So what am I talking about? Well, this was the case of Chief Constable of Norfolk v Coffey which concerned a female police officer who applied for a job in another police force. The police officer had a progressive hearing condition with tinnitus which, going forward, would continue to worsen. When originally recruited for her current police force, she failed the meet the usual criteria for police recruitment due to her low level of hearing but, after the police force arranged a practical functionality test, she was passed for duty and assigned for front-line duties. There were no concerns over her performance during her time in the role.

The issues started in 2013 when she applied to transfer to a new police force. As was standard, she attended a pre-employment health assessment. The medical practitioner concluded that, whilst her hearing level was technically just outside the usual police force parameters, she performed her current role with no difficulties and a practical functionality test was recommended. However, the new police force refused to follow this recommendation and, instead, declined her request to transfer due to her hearing below the recognised standard and, rather importantly, commented that it would not be appropriate to accept a candidate outside of the recognised standard of hearing because of the risk of increasing the pool of police officers placed on restricted duties.

Will the abolition of Employment Tribunal fees result in ‘old’ 2013-2017 cases being permitted in Tribunal?

Employment Tribunal fees are illegal. This was declared on 26th July 2017 by the Supreme Court in R (on the application of Unison) v Lord Chancellor. Put simply, from that day onwards, Employment Tribunals completely scrapped both issue fees (the fee for submitting a claim form to Tribunal) and the hearing fee (the fee incurred…

European Court of Justice gives OPINION on unpaid and untaken holidays

Does a worker’s holiday entitlement continue to accrue into successive years if they do not take their annual leave because their employer will not pay them for these holidays? The Advocate General at the European Court of Justice (ECJ) has answered ‘yes’ to this question, in a non-binding opinion. In the case of King v…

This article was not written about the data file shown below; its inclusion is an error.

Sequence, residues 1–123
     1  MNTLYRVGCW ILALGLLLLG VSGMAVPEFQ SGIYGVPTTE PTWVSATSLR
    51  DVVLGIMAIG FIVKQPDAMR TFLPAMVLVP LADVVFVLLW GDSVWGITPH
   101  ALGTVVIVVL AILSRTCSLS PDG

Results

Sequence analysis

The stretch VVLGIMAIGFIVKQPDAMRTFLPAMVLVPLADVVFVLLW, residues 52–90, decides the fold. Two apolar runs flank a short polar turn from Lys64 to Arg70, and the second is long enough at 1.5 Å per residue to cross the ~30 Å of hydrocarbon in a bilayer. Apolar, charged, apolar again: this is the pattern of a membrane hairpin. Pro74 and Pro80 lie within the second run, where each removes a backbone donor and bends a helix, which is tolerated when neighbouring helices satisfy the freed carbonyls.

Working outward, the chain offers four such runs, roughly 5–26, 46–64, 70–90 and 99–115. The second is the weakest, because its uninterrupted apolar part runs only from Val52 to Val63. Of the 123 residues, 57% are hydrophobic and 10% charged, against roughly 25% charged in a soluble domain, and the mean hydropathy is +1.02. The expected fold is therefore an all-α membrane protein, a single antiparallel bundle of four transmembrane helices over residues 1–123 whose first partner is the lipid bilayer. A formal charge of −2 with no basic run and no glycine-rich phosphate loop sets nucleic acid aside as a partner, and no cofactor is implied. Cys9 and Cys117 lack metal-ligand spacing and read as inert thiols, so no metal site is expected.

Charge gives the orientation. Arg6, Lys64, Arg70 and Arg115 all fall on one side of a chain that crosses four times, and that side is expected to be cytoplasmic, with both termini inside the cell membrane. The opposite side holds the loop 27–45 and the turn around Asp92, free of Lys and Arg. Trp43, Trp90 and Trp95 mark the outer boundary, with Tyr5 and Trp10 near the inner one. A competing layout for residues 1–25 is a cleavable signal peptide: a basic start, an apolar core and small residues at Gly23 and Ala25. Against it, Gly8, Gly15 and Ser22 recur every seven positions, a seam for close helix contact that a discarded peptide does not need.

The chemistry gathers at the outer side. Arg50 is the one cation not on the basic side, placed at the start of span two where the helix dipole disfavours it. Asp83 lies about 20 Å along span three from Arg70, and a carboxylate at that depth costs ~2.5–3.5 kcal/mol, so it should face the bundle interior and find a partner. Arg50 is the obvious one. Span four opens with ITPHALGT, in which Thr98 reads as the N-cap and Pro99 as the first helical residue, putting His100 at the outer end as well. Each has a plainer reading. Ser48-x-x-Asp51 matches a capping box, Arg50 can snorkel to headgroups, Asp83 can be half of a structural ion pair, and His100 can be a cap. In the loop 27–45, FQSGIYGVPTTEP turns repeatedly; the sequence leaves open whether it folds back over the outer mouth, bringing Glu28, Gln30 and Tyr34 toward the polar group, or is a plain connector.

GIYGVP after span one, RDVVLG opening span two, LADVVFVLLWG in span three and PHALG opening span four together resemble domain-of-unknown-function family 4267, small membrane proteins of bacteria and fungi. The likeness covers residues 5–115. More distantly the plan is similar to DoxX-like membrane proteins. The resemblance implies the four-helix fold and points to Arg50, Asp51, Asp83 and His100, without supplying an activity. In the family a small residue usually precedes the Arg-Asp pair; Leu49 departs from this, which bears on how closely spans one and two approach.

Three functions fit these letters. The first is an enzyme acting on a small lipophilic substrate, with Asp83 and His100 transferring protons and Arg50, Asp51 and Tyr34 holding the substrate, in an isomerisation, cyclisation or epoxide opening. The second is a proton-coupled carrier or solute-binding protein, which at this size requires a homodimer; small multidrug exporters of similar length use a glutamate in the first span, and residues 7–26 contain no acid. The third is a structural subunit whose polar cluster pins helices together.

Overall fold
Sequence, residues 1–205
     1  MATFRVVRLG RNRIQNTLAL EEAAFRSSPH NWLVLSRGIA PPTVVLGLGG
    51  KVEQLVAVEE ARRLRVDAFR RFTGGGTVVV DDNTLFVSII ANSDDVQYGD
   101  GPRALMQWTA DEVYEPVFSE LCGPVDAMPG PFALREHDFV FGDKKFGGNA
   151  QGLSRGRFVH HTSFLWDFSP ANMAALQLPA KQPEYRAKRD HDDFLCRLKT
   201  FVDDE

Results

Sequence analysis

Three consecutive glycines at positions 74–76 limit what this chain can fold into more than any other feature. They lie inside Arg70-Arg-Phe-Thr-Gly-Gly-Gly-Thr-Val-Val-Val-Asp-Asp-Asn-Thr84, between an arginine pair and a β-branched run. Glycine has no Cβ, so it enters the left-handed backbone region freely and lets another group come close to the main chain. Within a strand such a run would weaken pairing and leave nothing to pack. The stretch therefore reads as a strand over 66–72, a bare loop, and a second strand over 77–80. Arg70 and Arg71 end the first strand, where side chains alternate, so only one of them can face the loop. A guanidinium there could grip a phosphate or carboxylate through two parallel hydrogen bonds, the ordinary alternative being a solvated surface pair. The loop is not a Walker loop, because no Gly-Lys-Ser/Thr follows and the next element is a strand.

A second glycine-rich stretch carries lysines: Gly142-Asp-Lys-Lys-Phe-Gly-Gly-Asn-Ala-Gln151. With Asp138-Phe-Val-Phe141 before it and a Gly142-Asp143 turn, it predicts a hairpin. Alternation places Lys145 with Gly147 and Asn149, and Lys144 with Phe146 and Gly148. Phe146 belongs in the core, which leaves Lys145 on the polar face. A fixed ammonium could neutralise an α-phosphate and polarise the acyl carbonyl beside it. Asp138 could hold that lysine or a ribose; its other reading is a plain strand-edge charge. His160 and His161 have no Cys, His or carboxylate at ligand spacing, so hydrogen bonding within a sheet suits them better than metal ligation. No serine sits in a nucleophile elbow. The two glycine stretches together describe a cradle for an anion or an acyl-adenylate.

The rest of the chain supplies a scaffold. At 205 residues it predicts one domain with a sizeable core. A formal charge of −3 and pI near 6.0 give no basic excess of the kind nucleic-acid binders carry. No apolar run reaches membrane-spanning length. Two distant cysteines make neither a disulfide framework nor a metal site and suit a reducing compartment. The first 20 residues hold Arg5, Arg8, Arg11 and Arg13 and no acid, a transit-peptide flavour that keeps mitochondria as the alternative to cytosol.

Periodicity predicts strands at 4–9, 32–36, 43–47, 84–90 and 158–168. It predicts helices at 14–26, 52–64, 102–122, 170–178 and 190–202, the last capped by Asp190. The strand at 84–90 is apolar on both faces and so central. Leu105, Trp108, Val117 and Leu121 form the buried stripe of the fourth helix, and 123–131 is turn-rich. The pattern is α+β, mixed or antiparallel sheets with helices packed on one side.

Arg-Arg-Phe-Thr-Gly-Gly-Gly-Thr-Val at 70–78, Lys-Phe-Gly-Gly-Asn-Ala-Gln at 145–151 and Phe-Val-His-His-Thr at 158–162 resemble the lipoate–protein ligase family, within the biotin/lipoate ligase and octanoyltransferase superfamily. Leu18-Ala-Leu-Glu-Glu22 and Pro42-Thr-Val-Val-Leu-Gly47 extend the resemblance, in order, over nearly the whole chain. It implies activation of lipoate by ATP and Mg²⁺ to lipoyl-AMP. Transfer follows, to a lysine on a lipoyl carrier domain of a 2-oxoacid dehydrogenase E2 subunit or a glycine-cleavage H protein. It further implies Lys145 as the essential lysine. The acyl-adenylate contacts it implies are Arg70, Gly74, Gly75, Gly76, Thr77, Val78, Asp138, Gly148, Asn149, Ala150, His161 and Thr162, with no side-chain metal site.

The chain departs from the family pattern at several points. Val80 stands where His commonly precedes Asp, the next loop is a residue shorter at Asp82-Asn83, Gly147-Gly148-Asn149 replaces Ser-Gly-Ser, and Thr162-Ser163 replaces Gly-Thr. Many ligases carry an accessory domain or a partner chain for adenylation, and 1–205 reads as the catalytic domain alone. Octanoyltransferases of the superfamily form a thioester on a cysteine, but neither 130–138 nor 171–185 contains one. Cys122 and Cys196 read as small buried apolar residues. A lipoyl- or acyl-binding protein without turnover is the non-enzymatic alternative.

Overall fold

Providing information about sickness absence in a reference ruled as discriminatory

Mr Paul Mefful began working as a volunteer at Southwark CAB in 2000. In 2003 he was employed as a general adviser and in 2004 he was promoted to senior adviser at Merton and Lambeth CAB following a competitive selection process. In May 2004 he became a specialist services manager. In (what was then) a Legal Services…

Disability Discrimination: Adjustments for candidate with Asperger’s Syndrome

In the recent case of Government Legal Services v Brookes UKEAT/0302/16, the Employment Appeals Tribunal (EAT) upheld the decision of the Employment Tribunal (ET) that requiring a job applicant with Asperger’s to take a multiple-choice test as part of the recruitment process, amounted to indirect discrimination. Background The facts of the case were that the Government Legal…

Can workers receive payment for ‘sleeping’ at work?!

The Employment Appeal Tribunal (EAT) has recently considered this question, more specifically whether workers are entitled to the national minimum wage when ‘on-call’ (or sleeping!) at work. In the case of Focus Care Agency v Roberts, along with two other cases heard at the same time (Frudd v The Partington Group Ltd and Royal Mencap Society…

EAT Judgment: There can be no disability-related harassment claim without first establishing the disability

In the recent case of Peninsula Business Service Ltd v Baker, the Claimant had advised his manager that he had dyslexia and had also provided a psychologist’s report confirming the diagnosis. The Employer’s occupational health provider prepared a report confirming that the Claimant was likely to be considered disabled and recommended reasonable adjustments, however the Claimant’s…